You owned a donkey in seminary?  Where did you keep it? Cheesy
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« Reply #7 on: May 31, 2007, 07:28:25 PM »

You owned a donkey in seminary?  Where did you keep it? Cheesy

I was just borrowing a friend's who kept it...I should really stop there, I'm just digging that hole deeper and deeper Grin
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« Reply #8 on: June 02, 2007, 11:15:03 AM »

One of my friends, a Traditional Orthodox, has told me that seminaries have their roots in the Western, Latin tradition and do not as such belong to Eastern Orthodoxy as the means of training Orthodox clergy.  He further commented that, in true Orthodoxy, a man is selected by the bishop who sees a special character in the man for priesthood.  According to my friend, traditional training of men for the priesthood in Orthodoxy is done at monasteries by monks and not at a separate seminary.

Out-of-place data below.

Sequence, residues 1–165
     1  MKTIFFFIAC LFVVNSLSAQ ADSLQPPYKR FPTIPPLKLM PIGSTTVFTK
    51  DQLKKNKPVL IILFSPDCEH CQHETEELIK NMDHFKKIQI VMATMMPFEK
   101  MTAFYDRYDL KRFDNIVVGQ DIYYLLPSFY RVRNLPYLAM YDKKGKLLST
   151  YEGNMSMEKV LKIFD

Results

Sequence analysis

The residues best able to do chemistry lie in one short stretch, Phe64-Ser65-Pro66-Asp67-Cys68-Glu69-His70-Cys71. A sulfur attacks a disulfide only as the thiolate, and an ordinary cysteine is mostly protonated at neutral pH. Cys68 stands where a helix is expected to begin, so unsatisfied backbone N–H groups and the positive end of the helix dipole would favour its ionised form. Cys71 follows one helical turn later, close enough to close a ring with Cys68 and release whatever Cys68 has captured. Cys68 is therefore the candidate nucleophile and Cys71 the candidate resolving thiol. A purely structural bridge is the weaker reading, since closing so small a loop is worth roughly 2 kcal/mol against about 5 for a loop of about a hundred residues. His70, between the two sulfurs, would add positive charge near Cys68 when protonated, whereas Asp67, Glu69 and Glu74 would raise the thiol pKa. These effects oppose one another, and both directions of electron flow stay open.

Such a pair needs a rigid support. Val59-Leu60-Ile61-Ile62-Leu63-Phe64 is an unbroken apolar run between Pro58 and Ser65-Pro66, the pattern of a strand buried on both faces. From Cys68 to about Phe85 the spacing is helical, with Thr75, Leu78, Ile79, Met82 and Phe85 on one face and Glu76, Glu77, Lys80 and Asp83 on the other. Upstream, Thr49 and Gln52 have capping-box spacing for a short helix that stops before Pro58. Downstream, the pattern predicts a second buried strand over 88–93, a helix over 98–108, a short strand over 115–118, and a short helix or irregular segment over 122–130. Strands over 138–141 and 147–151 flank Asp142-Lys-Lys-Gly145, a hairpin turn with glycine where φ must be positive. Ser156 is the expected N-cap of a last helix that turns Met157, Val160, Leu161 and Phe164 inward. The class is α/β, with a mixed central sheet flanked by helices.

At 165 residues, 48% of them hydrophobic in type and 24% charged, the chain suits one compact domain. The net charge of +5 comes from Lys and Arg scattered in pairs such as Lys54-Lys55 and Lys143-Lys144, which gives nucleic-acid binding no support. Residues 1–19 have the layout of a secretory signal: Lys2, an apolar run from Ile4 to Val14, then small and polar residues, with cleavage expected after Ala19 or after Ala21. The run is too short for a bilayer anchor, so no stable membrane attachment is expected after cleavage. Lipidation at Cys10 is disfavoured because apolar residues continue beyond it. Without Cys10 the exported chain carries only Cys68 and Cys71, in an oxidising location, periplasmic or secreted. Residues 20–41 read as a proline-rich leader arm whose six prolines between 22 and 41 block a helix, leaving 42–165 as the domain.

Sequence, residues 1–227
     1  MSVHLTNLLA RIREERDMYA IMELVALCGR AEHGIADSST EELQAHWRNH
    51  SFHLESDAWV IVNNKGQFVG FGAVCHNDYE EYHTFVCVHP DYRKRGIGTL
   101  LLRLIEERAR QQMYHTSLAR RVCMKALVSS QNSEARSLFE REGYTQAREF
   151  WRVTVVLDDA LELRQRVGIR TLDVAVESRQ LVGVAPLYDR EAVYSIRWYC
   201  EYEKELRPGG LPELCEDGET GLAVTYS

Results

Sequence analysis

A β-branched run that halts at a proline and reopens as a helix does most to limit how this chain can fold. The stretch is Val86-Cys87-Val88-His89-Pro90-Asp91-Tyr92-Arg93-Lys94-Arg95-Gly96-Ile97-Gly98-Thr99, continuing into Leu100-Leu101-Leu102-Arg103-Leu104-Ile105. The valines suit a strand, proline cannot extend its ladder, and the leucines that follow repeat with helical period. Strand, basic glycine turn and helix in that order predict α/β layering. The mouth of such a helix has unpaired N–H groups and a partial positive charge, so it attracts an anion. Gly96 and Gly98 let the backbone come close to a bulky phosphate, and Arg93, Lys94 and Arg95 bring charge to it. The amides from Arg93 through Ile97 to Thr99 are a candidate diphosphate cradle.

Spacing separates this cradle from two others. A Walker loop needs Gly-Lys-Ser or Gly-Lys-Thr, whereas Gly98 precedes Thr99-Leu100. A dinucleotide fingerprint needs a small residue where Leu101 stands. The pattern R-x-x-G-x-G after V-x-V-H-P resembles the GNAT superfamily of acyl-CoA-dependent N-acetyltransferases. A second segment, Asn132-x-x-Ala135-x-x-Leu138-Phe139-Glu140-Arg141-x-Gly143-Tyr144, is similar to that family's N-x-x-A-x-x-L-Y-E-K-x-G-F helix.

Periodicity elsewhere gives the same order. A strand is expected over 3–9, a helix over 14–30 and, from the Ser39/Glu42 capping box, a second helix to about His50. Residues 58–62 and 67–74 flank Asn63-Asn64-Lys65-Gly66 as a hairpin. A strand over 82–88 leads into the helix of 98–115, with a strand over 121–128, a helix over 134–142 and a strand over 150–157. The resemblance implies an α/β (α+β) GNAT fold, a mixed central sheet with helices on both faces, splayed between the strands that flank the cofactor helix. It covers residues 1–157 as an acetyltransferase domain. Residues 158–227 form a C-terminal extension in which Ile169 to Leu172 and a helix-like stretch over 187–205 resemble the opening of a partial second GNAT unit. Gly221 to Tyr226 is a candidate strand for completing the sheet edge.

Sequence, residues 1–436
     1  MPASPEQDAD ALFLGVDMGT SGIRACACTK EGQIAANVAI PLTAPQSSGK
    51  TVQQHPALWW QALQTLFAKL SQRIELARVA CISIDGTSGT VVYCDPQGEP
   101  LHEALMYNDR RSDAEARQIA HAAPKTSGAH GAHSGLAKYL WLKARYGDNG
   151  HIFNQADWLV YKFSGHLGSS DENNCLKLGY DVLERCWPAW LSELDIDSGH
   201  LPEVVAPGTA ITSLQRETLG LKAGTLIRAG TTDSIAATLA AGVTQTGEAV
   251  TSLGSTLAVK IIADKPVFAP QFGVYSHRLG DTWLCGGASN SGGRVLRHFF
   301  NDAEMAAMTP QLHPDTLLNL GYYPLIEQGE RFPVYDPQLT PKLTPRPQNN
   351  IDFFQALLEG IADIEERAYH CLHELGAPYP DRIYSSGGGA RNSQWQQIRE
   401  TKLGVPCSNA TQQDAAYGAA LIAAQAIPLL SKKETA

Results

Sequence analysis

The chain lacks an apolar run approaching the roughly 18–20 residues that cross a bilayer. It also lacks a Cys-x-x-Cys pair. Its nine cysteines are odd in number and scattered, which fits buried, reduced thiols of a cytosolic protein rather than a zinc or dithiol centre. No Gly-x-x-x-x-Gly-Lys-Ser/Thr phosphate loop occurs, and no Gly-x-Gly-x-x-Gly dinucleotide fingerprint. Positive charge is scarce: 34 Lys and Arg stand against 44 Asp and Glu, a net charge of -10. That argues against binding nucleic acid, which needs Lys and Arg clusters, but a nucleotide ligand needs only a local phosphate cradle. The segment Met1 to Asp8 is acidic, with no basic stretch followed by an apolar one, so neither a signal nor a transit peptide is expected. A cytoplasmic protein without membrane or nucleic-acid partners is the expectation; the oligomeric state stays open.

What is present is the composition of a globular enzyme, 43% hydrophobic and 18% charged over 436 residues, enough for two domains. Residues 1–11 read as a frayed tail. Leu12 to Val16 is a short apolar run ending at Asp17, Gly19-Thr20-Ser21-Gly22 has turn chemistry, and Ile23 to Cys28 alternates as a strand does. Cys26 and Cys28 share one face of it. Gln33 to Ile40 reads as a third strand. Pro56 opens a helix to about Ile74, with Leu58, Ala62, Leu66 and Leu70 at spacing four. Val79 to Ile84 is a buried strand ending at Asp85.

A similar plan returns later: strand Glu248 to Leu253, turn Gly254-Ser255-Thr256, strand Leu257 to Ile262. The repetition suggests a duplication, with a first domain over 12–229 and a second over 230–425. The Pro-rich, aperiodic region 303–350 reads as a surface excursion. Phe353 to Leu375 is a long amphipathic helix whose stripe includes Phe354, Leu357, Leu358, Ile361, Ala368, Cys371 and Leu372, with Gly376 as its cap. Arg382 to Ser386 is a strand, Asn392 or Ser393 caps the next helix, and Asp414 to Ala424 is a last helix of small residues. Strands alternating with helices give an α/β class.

However, recently I have read two great works, the two books on Father Arseny.  In many of the stories found in these two books, individuals are described as going to seminary and as themselves and/or their spiritual fathers as the human initiators that begin the path to the priesthood.  The bishop still accepts or denies, but it seems to me that in these true life stories the individuals discern their path with their spiritual father, secure his blessing, and only then approach the bishop on the matter.  Admittedly, in many of these stories, the seminarians also attend monasteries as part of their formation, so it's not a one-sided seminaries versus monasteries.